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Basics of Hair Removal

Tweezing generally doesn’t make hair grow back darker, and it’s a perfectly adequate method of hair removal if you have only a few stray hairs on your chin. However, it can be tedious and time-consuming if you have a lot of ground to cover. To make it easier, invest in good tweezers and a high magnification mirror. Tweezing is easiest after a hot shower or bath. If the growth is a little heavier, you might try other temporary methods. (Shaving is effective on your legs, but not a good choice for your face.)

In addition to plucking, your options include waxing, bleaching, and chemical depilatories. Waxing keeps hair at bay four to six weeks. Plucking, bleaching, and depilatories last about two to three weeks or less. Each method has pros and cons. Waxing removes hair quickly and smoothly but can be painful and expensive if you get it done in a salon. You also run the risk of damaging your hair shafts and getting ingrown hairs. Bleaching is pretty easy, but it can burn and sting if you leave it on too long. Be sure to use a product made especially for the face, not the arms or legs. It’s a good option if your hair color contrasts with your skin color. The day before, test a patch on your inner wrist to make sure you don’t get redness or swelling. You should do a patch test with depilatories as well. These products, which come in aerosol, lotion, cream, and roll-on preparations, contain a chemical that dissolves the surface of the hair, separating it from the skin.

Read instructions very carefully; leaving a depilatory on too long can irritate your skin. Also, make sure you get a preparation made specifically for the part of your body you’re targeting. A product aimed at hair on your legs could well be too strong for your face. In any case, you shouldn’t use depilatories around your eyes or on inflamed or broken skin.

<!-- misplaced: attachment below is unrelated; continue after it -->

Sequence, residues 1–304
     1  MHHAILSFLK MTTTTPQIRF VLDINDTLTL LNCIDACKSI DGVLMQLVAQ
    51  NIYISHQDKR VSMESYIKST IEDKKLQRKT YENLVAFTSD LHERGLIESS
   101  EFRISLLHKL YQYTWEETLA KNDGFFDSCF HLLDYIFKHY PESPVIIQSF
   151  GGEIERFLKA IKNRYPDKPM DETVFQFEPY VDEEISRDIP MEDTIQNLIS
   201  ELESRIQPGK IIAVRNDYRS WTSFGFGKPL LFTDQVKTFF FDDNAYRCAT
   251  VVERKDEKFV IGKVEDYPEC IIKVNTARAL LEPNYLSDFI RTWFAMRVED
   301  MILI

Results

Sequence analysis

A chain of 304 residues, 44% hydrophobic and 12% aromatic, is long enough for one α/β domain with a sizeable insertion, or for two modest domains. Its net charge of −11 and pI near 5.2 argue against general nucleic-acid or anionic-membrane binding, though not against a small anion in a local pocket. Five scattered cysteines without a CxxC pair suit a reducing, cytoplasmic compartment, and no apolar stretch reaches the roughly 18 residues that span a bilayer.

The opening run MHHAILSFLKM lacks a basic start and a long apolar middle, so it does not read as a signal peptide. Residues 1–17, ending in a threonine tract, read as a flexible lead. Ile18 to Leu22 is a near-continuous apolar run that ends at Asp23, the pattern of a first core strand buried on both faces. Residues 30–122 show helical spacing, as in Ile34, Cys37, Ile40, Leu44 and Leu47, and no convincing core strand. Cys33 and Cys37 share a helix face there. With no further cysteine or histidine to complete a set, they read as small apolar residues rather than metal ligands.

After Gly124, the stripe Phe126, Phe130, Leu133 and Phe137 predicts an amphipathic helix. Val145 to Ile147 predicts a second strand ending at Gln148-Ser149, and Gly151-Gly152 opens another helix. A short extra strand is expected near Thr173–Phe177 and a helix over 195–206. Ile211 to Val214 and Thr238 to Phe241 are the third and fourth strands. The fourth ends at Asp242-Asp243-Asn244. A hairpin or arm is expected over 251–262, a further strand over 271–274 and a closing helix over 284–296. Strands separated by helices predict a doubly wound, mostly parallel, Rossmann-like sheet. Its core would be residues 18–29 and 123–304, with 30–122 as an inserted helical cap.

For longer-term hair removal, you can hit hair follicles with the more expensive options of lasers or electrolysis. Lasers work best when you’re attacking dark hair on pale skin; however, some newer methods target other skin and hair combinations. It usually takes several treatments to get at hair in different stages of growth. Electrolysis also takes several treatments and can be painful; if your technician isn’t properly trained, you could get an infection from an unsterile needle or even scarring. And both of these procedures can be costly. For either, be sure to check the credentials of the operator. Most states require people to be specially licensed to perform these procedures. If you can, get a recommendation from a dermatologist or your physician.

You may have seen ads for face creams and moisturizers that claim to slow hair growth. Try these products and see if you notice a difference. They may not actually slow growth but rather make it less obvious. That could be enough for you. If it isn’t, you might ask your doctor about prescription medications to slow hair growth. One of the newest is Vaniqa (eflornithine HCl). After about eight weeks, you may find that you need to tweeze or wax less frequently.